Chapter 46 - Memories
“Pali Zati, Pali Zati, help me please! Help me please! I know your mother and father...we are old friends…” stuttered the old man.
Shen Yu’s expression suddenly twisted, as if something sharp was biting down on her heart strings. Before she could ask a clarifying question, Mazha kicked the man on the bottom again. The soldier couldn’t make head or tails out of what the old man said and thought he was saying nasty things. He growled, “Speak in a way that normal people do! We can’t understand a single word you’re saying!”
The Desert Fox sobbed, “I was talking to the little fairy! Don’t you see, we’re old friends!”
Mazha rebutted the man immediately, “Who the hell are you trying to schmooze? We only recently just met! Just who is an old friend of yours?”
Shen Yu grasped the soldier on his sleeve and dragged him away from the Desert Fox. She bent down and thrust her left arm into the old man’s face. “You recognize my bracelet?”
The old man nodded and asked to speak with her alone. Shen Yu instantly stood up and requested that Tang Can and the others give them some space to talk.
Mazha protested. He said that it was silly of her to trust such a wily old fox. The young woman glared pointedly for the first time at both the soldier and his commanding officer. The unfamiliar expression on her delicate face looked tight and sent chills down their backs.
Seeing that, Tang Can ordered everyone to give her some space. They now stood at least ten meters away from Shen Yu and the old man. Although he had assented to her request, he was clearly uneasy. His eyes drifted towards Shen Yu again and again, but he was too far from her to hear what she was saying to the old man.
After making sure everyone was out of earshot, Shen Yu squatted down to hear what the Desert Fox had to say. The old man had a long, rambling story to tell. He started off with a sob story of his own history and background. In 1963, he was still in his mother’s womb. Apparently, that year, there was a huge famine and, to survive, his whole family left for other provinces to find food to eat. At that time, the family consisted of his grandfather, his father and his pregnant mother. His grandfather ended up getting dysentery and slowly started to resemble a bag of bones. In the end, the old man shriveled up and died on the side of the road. Naturally, his parents were devastated and cried piteously while burying his grandfather. The dead can only turn into dust, leaving the living to dry their tears. In the end, those who survive can only grit their teeth and move on.
The two of them could not return to their old home, and, so they traveled on to find a better place. His father, in an effort to give more food to his mother, starved until he was as scrawny as a thin, wooden pole. The man was around 1.8 meters in height but scarcely weighed more than a piece of paper. A gust of wind would have been able to blow him down. Even walking taxed his body. Despite those difficulties, both of them somehow made it to Xinjiang. When they reached Xinjiang, his father laid down under a tree and said he needed to rest for a bit. Except, he never woke up again. In grief, his mother lost her will to live for herself. But, for the sake of her unborn child, she persevered and buried her husband and moved on. In the end, she remarried, to a man more than ten years older than her, to get enough food to eat. A few months later, her child was born.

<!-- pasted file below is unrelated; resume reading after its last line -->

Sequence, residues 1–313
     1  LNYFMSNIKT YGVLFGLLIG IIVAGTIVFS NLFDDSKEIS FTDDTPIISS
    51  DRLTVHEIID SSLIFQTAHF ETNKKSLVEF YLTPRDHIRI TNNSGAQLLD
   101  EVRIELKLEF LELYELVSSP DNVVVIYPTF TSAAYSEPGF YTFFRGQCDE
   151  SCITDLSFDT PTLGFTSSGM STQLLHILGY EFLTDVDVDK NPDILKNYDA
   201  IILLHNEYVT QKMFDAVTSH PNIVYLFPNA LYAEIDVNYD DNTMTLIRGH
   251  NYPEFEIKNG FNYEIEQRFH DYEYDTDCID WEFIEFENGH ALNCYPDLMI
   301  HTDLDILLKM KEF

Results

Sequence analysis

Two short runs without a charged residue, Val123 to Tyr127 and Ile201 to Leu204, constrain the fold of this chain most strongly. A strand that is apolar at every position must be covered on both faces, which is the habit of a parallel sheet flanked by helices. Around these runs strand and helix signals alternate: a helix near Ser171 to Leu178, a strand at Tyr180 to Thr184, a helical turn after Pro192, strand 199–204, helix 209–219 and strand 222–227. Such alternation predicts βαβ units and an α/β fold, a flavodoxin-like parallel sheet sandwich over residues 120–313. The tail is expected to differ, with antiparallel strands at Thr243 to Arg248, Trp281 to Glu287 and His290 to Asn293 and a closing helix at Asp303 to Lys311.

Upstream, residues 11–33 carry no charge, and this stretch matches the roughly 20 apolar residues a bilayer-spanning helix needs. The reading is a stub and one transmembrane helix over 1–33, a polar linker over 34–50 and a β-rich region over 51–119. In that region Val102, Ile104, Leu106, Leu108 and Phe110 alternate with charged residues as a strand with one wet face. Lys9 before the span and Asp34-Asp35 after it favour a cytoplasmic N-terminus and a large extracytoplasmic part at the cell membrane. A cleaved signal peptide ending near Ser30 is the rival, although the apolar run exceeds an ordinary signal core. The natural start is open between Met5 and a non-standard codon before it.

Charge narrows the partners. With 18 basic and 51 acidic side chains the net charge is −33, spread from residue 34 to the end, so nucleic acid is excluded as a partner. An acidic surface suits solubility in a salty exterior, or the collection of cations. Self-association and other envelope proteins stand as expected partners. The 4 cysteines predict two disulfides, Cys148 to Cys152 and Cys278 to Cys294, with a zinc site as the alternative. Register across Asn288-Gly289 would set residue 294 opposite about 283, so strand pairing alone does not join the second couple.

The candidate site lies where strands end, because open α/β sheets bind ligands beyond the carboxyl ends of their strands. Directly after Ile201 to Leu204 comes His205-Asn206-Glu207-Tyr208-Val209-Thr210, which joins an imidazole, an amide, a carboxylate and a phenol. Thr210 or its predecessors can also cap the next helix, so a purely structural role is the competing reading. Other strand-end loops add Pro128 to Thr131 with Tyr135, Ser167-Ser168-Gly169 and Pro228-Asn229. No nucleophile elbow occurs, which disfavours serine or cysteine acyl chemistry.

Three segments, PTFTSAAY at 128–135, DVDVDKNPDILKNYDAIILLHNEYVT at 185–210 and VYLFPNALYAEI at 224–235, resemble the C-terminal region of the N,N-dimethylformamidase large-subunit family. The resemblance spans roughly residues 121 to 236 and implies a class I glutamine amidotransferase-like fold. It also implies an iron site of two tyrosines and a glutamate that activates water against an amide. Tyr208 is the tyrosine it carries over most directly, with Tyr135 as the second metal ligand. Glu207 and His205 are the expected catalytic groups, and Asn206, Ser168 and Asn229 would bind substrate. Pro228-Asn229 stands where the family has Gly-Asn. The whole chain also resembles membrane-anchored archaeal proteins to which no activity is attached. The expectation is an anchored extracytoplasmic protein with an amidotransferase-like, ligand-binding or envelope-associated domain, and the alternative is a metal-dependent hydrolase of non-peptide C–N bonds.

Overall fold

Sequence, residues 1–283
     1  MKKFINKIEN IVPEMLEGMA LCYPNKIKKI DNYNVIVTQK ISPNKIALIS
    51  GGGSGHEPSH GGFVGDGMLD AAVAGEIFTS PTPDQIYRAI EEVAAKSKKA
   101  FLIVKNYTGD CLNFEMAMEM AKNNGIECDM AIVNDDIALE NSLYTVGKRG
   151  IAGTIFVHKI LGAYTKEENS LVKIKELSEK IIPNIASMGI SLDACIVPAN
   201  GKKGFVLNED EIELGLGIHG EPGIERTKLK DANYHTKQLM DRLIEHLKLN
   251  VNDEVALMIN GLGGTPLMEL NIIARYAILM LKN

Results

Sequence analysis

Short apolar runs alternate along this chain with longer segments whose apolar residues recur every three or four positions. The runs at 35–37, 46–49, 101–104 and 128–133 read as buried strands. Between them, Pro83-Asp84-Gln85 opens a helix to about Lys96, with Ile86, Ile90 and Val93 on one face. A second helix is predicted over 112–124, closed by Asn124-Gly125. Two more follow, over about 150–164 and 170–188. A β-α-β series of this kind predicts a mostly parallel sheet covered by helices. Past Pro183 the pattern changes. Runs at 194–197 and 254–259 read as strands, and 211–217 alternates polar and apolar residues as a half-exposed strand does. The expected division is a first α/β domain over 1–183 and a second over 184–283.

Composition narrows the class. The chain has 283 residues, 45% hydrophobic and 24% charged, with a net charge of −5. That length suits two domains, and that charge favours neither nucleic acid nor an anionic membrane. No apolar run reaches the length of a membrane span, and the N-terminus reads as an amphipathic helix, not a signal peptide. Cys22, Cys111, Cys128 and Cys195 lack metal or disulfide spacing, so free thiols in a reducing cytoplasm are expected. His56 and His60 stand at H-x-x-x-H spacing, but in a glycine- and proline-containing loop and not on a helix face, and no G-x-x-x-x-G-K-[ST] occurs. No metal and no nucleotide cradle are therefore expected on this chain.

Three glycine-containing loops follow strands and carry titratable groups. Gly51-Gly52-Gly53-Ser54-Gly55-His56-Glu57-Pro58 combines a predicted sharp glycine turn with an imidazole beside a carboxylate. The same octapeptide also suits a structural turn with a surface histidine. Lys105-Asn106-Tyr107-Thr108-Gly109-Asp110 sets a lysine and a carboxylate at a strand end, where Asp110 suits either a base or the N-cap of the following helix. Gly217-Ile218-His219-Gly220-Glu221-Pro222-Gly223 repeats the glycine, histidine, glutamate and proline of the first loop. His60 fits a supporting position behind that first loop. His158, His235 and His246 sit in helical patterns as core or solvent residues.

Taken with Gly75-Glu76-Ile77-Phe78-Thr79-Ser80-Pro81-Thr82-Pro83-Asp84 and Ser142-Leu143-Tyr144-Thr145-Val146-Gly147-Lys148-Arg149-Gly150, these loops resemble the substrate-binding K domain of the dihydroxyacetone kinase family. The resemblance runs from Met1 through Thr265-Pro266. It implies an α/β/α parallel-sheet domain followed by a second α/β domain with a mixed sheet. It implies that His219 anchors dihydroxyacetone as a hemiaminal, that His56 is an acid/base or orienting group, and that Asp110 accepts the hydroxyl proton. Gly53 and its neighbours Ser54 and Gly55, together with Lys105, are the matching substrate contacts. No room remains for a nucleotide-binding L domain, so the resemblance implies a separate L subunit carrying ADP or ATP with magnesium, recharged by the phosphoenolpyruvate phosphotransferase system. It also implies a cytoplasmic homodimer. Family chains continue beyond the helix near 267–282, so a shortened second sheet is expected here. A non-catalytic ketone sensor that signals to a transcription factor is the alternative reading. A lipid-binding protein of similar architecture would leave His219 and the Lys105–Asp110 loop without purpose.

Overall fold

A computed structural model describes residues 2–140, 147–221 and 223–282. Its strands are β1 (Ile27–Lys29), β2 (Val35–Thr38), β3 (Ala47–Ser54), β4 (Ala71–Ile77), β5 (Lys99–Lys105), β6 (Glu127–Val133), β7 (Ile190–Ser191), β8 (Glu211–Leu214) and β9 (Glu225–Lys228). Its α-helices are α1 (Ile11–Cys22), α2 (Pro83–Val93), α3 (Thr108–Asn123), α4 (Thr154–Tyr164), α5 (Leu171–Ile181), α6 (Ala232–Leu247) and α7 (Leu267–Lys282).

After marrying the Uyghur man, his mother’s life improved drastically. She was able to eat three meals a day. However, after she gave birth to him, a problem appeared: she was no longer able to have children. At first, the Uyghur man treated both mother and child very well. After five to six years passed, things changed. His stepfather now knew that his mother would no longer be able to become pregnant again. That was when the mistreatment and abuse started. By the time he was seven, the Desert Fox had been forced to learn how to steal. Successful heists would lead to less abuse from the Uyghur man.
After he grew up, his life became better. His stepfather had passed away, but it was hard for him to let go of his habit of stealing things. Later on, a squadron of soldiers had appeared near his village. He had heard rumors that the army came with delicious rice and large, white bread rolls. That night, he set out in his donkey cart and snuck into the courtyard where the soldiers had been living. From the storeroom, he stole their food and placed it into his cart.
In the past, when he stole, he targeted the regular people in the village. Even if they found out, the consequences would not be too bad. Although they would disdain him, they were still from the same village. This time, however, he had targeted the army. He had thought that the same unspoken rules applied in this case. He soon found out he had bitten off more than he could chew.